Science, Just Science

6 April 2007

ID 101: Argument From Abstract

Filed under: Creationism & Intelligent Design,Science,SJS Comment — Kyuuketsuki @ 11:27 am

*** Originally posted by Chris Hyland of SJS ***

You often hear the claim that evidence for intelligent design has been published in the scientific literature. Most journals put articles through a process of ‘peer review’ where the article is sent to a number of scientists for comment. The journal then decides based on the reviewer’s comments whether to publish the article or send it back for revision. Therefore if an intelligent design friendly paper went through this process it could be seen as a validation of the scientific status of ID. This is why ID proponents often point to papers they claim are evidence for design, whether or not they are written by ID sympathetic authors. As I mentioned previously they will tend to focus on specific words that they believe have teleological connotations.

Take this recent example

The extraordinary properties of natural proteins demonstrate that life-like protein engineering is both achievable and valuable. Rapid progress and impressive results have been made towards this goal using rational design and random techniques or a combination of both. However, we still do not have a general theory on how to specify a structure that is suited to a target function nor can we specify a sequence that folds to a target structure. There is also overreliance on the Darwinian blind search to obtain practical results. In the long run, random methods cannot replace insight in constructing life-like proteins. For the near future, however, in enzyme development, we need to rely on a combination of both.

Since evolution is expected to take thousands or millions of years to shape efficient proteins, it’s hard to see what’s controversial about this. Not only that, no one is saying that evolutionary processes are ‘better’ than intelligent processes given the same amount of time, just that there is currently no empirical evidence intelligent processes have operated in the development of life. Further more if you actually read the paper, you get quotes like:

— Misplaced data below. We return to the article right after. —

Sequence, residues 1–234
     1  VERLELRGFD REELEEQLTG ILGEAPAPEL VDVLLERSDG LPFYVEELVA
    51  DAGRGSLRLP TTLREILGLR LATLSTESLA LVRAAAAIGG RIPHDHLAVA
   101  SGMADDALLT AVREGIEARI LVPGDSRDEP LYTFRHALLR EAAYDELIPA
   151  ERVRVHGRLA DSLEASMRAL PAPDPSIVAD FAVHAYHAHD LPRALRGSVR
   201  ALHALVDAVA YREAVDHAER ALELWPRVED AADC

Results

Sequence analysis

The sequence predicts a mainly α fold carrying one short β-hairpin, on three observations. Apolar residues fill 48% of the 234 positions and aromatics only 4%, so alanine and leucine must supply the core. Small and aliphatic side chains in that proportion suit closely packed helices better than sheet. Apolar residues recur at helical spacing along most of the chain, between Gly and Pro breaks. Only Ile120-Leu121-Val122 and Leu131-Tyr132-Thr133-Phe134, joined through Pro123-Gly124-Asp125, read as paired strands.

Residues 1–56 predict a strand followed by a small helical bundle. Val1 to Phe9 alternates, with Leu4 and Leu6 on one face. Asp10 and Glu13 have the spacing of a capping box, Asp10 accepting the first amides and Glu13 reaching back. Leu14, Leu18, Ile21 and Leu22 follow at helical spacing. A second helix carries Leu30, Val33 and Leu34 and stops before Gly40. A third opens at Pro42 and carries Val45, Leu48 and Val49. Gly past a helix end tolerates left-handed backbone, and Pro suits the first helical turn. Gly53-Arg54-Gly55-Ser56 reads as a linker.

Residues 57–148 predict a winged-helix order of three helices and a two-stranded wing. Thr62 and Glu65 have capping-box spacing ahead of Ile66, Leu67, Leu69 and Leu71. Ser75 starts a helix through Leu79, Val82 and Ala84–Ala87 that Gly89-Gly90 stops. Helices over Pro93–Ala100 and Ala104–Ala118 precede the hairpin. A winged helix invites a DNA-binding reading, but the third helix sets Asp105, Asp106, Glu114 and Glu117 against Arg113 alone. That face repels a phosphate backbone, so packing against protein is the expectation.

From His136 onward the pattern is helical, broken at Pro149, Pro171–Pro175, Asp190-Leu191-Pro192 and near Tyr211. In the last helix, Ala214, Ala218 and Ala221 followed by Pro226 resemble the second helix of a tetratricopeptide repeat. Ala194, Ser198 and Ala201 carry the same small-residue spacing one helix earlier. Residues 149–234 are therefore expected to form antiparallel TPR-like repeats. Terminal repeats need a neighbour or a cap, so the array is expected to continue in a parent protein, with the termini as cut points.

It is often said that random genetic methods to improve enzyme properties “rely on simple but powerful Darwinian principles of mutation and selection” (Johannes and Zhao 2006). We agree. It is also said that “every protein has become adapted by step-by-step improvement and refinement of its function over millions of years” (McLachlan 1987). The present theories, however, only partly explain the protein diversity, although a recent study (Poelwijk et al. 2007) shows that even the key-lock dilemma can be resolved by the Darwinian approach when the operation field for random search is within the same protein family, and the new key-lock pair closely resembles the original (ancestral).

Gene duplication and subsequent divergence as mechanisms to create natural variety and novel structures are now decade’s old theories (Ohno 1970). Basically, directed evolution approach is an application of the gene duplication concept. Gene duplication is seen as a way to avoid random sequences in evolution, because random sequences most often are not functional. Mutations in the duplicated genes explore the local sequence space and expand the number of members in a gene family.

Here’s another great example from newCreationism.org (bolding theirs):

Researchers at Johns Hopkins have discovered how cells fine-tune their oxygen use to make do with whatever amount is available at the moment. Too little oxygen threatens life by compromising mitochondria that power it, so when oxygen is scarce, cells appear to adjust by replacing one protein with an energy-efficient substitute that “is specialized to keep the motor running smoothly even as it begins to run out of gas,” says Gregg Semenza, M.D., Ph.D., a professor of pediatrics and director of the vascular biology program in the Institute for Cell Engineering at Hopkins. “This is one way that cells maintain energy production under less than ideal conditions…”

“Cells require a constant supply of oxygen,” Semenza says, “so it’s vital for them to quickly react to slight changes in oxygen levels.” The protein-swap is how they do it.

“In the mitochondria, the tiny powerhouses found in every cell, energy is produced by passing electrons through a series of relay stations called cytochromes until they eventually join with oxygen to form water. This final step is directed by the protein cytochrome-c oxidase, or COX for short. If electrons react with oxygen before reaching COX, they generate “free radicals” that can damage or destroy cells. The mitochondria are designed to produce energy without excess free radical production at normal oxygen levels.

You see many blog posts by creationists of this nature but what you do not see is an explanation of how this is a scientific argument for ID.

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